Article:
Thursday, November 17, 2011

Certainty (yaqin)

The classical Sufi doctrine of certainty involved three degrees: the knowledge of certainty (‘ilm al-yaqin), the eye of certainty (‘ayn al-yaqin), and the reality of certainty (haqq al-yaqin). Hujwiri (d. ca. 465/1072) discussed them in the following manner:
“By ‘ilm al-yaqin the Sufis mean knowledge of (religious) practice (mu’amalat) in this world according to the Divine commandments; by ‘ayn al-yaqin they mean knowledge of the state of dying (naz’) and the time of departure from this world; and by haqq al-yaqin they mean the unveiling (kashf) of the vision (of God) that will be revealed in Paradise, and of its nature. Therefore, ‘ilm al-yaqin is the rank of religious scholars (‘ulama’) on account of their correct observance of the divine commands, and ‘ayn al-yaqin is the station of gnostics (maqam-i ‘arifan) on account of their readiness for death, and haqq al-yaqin is the annihilation-point of lovers (fana’gah-i dustan), on account of their rejection of all ‘existent beings and things’ (mawjudat)”
In these three degrees of certainty, one clearly sees a hierarchy of states of consciousness, one which corresponds to a three-fold hierarchy of human identity: the scholars, the gnostics, and at the highest degree, the lovers.
According to a later Sufi, Najm al-Din Razi (d. 654/1256), “certainty” arises when one strives to become aware of the spiritual world, while living in accordance with shari’a. If one simply tries to use one’s rational mind, one will fall into mere philosophy and unbelief. The key to certainty is the practice of shari’a, which leads to the awareness that everything is a manifestation of an attribute of God. In the following passage, Razi discusses the nature of certainty:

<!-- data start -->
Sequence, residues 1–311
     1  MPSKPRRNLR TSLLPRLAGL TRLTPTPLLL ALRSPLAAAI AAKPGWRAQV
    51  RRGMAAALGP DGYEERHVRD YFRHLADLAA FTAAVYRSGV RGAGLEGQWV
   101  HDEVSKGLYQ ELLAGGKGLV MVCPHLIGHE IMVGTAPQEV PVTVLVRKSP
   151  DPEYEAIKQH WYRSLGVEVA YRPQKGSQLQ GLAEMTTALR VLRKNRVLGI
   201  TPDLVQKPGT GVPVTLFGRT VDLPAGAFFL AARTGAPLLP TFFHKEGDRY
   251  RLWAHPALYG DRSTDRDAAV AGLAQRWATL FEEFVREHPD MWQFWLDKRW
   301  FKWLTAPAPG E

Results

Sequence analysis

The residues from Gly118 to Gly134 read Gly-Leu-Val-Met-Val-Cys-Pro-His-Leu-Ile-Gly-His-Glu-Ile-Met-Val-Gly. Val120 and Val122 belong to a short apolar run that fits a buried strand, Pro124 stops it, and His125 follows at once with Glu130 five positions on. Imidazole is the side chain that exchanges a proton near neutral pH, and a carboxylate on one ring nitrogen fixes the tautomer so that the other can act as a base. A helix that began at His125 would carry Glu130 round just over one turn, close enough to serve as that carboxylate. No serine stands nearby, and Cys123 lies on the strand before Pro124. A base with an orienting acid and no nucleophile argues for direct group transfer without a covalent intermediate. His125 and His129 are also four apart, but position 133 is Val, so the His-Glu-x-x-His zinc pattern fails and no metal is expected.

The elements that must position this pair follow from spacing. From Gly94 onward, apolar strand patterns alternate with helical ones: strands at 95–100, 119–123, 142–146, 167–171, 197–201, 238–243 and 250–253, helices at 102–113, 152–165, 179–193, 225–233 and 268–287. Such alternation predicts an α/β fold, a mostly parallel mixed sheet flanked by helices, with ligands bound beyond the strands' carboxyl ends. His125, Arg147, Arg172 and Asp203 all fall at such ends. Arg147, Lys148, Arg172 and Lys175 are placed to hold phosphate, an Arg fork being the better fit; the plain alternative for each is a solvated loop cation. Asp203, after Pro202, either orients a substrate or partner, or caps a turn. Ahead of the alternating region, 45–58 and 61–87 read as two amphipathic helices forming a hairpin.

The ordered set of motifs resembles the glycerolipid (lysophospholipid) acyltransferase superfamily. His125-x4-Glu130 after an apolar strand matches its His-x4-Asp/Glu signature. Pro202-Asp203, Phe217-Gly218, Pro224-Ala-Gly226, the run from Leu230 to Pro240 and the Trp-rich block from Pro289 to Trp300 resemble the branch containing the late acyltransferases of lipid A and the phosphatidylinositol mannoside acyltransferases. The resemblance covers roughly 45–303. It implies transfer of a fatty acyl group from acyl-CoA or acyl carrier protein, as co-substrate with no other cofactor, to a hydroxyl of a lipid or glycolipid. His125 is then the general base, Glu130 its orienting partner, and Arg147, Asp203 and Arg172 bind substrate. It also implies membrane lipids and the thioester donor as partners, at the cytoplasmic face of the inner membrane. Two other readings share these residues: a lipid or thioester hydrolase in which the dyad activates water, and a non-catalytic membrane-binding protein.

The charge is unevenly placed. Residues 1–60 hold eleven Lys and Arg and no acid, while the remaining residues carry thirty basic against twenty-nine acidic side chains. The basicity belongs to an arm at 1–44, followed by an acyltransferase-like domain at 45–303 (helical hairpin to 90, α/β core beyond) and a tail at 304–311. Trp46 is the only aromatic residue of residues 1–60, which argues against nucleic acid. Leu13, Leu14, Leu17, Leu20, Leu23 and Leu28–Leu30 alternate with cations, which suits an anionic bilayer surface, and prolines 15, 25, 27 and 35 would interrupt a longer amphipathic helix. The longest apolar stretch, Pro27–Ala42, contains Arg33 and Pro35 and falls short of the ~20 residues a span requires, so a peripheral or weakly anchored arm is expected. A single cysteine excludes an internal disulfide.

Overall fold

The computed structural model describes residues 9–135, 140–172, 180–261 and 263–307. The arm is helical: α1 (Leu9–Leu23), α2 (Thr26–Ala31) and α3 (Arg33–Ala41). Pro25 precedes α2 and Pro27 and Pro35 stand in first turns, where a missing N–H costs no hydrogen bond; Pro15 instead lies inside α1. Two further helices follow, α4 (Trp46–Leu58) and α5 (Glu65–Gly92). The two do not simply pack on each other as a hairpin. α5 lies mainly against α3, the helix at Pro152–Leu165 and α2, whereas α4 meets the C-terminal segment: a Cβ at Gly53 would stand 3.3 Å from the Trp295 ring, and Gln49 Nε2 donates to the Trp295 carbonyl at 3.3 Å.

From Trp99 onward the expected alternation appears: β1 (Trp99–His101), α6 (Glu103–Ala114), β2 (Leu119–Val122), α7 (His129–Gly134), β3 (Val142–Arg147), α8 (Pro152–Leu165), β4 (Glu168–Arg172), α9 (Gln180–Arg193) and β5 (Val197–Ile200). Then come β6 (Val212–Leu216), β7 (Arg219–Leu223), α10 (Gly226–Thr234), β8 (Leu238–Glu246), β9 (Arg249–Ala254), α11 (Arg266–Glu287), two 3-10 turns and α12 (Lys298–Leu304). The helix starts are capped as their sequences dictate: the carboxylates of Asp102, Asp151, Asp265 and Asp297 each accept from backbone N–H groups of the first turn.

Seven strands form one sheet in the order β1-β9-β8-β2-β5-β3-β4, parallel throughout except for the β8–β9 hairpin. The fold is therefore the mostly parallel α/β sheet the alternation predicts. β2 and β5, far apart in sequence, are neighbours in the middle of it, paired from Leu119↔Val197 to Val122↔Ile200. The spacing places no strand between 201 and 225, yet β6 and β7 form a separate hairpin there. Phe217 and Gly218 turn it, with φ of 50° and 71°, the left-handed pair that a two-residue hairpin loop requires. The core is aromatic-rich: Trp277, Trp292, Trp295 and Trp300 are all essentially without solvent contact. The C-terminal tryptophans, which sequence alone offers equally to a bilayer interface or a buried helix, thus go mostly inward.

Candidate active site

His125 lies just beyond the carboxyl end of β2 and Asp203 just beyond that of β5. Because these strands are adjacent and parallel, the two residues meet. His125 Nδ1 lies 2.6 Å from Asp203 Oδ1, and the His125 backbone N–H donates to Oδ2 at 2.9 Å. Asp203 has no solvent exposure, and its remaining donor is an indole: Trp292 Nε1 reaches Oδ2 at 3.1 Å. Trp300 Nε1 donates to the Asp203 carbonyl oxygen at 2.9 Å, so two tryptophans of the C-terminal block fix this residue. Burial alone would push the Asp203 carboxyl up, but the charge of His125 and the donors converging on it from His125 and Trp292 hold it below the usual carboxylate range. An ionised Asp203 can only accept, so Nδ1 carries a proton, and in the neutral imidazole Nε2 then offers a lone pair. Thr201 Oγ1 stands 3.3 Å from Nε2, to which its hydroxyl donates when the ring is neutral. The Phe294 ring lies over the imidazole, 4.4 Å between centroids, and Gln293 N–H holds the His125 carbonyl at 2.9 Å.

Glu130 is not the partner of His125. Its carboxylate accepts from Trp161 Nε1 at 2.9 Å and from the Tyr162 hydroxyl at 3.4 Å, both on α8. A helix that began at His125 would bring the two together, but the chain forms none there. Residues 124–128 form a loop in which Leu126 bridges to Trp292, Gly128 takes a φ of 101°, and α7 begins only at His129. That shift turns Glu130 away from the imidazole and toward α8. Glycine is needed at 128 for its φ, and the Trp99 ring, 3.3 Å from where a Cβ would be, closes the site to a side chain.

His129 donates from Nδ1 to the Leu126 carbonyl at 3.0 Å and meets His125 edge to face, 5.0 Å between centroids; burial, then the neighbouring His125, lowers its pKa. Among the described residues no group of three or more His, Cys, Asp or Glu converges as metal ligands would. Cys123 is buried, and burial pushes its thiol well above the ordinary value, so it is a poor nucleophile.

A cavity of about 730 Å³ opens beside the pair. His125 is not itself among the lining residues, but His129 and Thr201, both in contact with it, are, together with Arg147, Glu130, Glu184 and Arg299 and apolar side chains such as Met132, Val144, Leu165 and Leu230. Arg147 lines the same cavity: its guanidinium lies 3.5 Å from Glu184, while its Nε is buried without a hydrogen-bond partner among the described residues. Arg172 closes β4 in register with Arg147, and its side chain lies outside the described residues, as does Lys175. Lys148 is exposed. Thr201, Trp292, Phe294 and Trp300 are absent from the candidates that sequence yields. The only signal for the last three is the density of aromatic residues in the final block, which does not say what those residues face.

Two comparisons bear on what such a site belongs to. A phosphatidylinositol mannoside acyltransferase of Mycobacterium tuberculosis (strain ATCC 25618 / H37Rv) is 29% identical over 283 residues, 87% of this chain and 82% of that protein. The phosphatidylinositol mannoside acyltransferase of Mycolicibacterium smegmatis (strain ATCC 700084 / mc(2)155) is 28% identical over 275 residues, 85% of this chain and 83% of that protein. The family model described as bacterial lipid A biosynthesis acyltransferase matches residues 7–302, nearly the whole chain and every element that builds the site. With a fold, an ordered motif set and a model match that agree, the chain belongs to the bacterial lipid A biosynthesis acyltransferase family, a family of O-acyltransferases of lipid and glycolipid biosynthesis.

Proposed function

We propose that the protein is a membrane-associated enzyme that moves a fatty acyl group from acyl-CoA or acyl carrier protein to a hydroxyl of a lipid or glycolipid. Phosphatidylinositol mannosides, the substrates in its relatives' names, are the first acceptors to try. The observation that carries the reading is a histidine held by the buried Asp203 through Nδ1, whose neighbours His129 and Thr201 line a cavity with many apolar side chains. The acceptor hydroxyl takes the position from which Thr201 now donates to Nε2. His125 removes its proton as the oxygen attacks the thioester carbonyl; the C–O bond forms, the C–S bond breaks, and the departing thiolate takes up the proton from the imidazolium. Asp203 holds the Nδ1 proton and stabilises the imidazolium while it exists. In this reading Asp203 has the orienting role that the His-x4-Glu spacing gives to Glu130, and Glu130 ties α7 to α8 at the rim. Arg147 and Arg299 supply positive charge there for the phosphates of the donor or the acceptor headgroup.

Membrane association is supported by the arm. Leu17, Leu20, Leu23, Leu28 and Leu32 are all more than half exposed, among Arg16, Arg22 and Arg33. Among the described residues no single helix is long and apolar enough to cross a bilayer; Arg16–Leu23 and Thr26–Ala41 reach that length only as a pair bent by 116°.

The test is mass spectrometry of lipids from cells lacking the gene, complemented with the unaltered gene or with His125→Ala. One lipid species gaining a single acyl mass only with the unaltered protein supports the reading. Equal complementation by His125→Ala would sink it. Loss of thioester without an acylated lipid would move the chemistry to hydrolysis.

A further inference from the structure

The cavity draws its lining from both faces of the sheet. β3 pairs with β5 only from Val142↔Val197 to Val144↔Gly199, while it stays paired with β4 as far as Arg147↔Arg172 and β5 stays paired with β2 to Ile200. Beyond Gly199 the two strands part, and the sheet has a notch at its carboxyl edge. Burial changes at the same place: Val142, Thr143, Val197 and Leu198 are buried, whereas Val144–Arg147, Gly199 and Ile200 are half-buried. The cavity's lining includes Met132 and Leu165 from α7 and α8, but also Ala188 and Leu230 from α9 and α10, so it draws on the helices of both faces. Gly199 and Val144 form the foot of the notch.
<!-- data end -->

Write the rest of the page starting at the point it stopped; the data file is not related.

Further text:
But [in contrast to the mere philosopher and the heretic] …the possessor of true felicity nourish[es] the seed of the spirit in accordance with the law of Shari’at until all his senses attain perfection. He will then perceive, through his outer and inner senses, all the three hundred and sixty thousand realms that constitute the material and spiritual worlds (mulk va malakut)…He sees every atom in each of these worlds to be a manifestation of one of the divine attributes containing within it one of God’s signs; he removes the veil from the face of the manifestations, and the beauty of God’s signs is displayed to him. [As the poet Abu al-‘Atahiya stated,]
In every thing is a sign (aya) of His
pointing to the fact that He is One (ahad).
This is the threshold of the world of certainty (iqan)…Then the pure essence of God may be known in its unity, and the attributes (sifat) of divinity may be contemplated with the eye of certainty (‘ayn al-yaqin).”
Razi makes it very clear: in order to follow the path that leads to certainty and the awareness of the very “essence of God,” one must discipline and perfect one’s senses by means of shari’a, and one must be aware that there is nothing in existence that does not derive from an attribute of God.

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